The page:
Current Progressive Dairy digital edition

Calf care essential to a dairy’s future

Mark Taylor Published on 19 September 2012
Calves are essential to a dairy operation, as they represent the future of the herd and its income. They are also the most vulnerable segment of a herd, highly susceptible to disease with the highest mortality rate among dairy cattle in their first eight weeks of life.

With calves serving as the cornerstone of any successful dairy, every effort should be made to keep them protected and healthy. For the best care of calves, there are four main areas to consider.

While cattle are equipped to handle a wide range of temperatures and weather conditions, proper shelter can offer additional protection and prevent unnecessary energy use by the animals to cope with the elements.



The choice of a pen, hutch or other form of housing for calves depends on a number of factors specific to a given dairy, but operators should ensure that any type of shelter provides some basic, essential benefits. These include proper ventilation, efficient drainage and sufficient space, bedding and clean water.

Proper cleanliness and hygiene are vital to the health of calves left vulnerable by developing immune systems. Thoroughly disinfect any shelter before placing a new calf inside and regularly change bedding, feed and drinking water once moved in. When working with calves, be sure all clothing and boots are clean.

Calves are entirely dependent on colostrum for protection from disease, making it arguably the most important factor to raising healthy, productive cattle. They should consume two liters of colostrum within the first hour of birth and an additional two liters between six and 12 hours after birth. Always verify quality of the colostrum with a colostrometer prior to feeding and use frozen reserves when blood or mastitis are present in the tested sample.

Fly control
Anyone who has worked on a dairy can attest to how big of a nuisance flies can be – but some of the very significant problems they can cause often go overlooked. First and foremost is the spread of disease. Each of the three previously mentioned components of calf care serve to help protect calves and their weak immune systems from disease, and fly control is no different.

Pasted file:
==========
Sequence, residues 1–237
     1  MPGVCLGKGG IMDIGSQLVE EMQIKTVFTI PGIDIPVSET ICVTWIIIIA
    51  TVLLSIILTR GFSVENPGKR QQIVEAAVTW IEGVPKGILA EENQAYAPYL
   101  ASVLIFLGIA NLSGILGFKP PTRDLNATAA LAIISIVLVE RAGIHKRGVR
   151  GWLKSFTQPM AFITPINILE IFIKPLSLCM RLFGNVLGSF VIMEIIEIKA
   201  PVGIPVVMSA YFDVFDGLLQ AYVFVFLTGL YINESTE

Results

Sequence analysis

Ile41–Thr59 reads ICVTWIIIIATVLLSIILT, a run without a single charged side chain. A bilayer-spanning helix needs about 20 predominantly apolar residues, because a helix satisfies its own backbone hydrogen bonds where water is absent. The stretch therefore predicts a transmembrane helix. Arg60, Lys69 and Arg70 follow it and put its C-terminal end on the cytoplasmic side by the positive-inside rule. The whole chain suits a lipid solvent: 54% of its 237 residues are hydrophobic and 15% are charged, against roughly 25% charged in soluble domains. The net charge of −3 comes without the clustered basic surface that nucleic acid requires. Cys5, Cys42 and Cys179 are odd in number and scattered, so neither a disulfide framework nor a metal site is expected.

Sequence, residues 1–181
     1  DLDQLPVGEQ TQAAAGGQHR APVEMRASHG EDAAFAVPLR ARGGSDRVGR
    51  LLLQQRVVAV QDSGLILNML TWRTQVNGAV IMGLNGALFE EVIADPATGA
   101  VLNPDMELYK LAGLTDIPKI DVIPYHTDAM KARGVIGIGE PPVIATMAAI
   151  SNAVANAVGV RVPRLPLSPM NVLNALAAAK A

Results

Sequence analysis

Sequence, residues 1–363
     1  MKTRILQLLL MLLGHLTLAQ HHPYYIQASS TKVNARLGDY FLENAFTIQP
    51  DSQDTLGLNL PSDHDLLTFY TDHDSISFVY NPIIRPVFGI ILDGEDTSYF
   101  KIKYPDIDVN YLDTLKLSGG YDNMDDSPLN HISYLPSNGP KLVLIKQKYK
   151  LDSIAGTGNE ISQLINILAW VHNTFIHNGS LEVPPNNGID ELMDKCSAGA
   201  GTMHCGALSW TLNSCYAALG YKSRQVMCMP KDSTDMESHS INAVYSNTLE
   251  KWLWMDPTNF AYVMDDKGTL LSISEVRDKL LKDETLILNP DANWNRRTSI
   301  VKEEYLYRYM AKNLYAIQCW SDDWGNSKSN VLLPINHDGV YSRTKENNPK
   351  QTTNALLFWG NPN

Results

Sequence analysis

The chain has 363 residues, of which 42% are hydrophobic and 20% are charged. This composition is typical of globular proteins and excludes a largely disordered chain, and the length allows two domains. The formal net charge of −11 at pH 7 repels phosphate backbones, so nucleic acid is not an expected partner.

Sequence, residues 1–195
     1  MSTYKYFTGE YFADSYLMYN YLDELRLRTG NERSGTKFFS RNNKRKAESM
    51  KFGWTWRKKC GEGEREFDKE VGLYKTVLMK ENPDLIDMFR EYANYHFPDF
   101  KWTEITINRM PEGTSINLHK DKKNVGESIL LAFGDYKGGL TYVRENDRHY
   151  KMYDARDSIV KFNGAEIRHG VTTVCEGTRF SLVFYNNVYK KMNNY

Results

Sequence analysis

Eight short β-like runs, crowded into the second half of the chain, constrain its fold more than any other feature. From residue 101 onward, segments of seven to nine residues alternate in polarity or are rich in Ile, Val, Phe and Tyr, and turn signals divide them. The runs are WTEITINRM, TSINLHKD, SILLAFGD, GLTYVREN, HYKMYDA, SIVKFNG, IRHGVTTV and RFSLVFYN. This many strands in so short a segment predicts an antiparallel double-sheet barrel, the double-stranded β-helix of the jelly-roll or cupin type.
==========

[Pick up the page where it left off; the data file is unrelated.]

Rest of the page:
Scours is the leading cause of death in dairy calves and one of the most difficult symptoms to treat once a calf is infected. House flies can carry numerous bacteria that cause enteric diseases and expose calves to them – even those kept in isolation. Pinkeye is another common disease affecting cattle of all ages and can be spread by face flies that feed on mucus and secretions around the eyes of the animal.


Heavy exposure to flies can have additional consequences for calves beyond disease. Calves can spend excessive amounts of energy to dislodge flies – occasionally referred to as “twitch and switch” – that can lead to unwanted weight loss. Additionally, the stress from flies and pain inflicted from any bites has been shown to lead to a decreased appetite among calves, affecting feedings.

Dairies that combine various fly control methods with a proper integrated pest management (IPM) program will see the most significant reduction in flies and the problems they present. IPM is a pest control strategy that uses an array of complementary methods including natural predators and parasites, cultural practices, biological controls, various physical techniques and insecticides.

Proper sanitation practices, such as cleaning up spilled feed and preventing manure buildup around barns and fences, will eliminate breeding sites for these flies. Adult flies can also migrate from other areas and may require the use of on-animal and premise insecticide applications and/or the use of traps and baits to control them.

Feed-through insect growth regulators are relatively new to the market and can become a component of any IPM program. Unlike conventional insecticides that attack the nervous system of insects, feed-through regulators work by interrupting the fly’s life cycle rather than through direct toxicity.

Given the significant problems posed by flies to calves – and all cattle on a dairy – effective fly control is essential to maintaining healthy, comfortable calves that grow to be productive cattle. PD

Taylor is the director of marketing for Central Life Sciences. Click here to email him.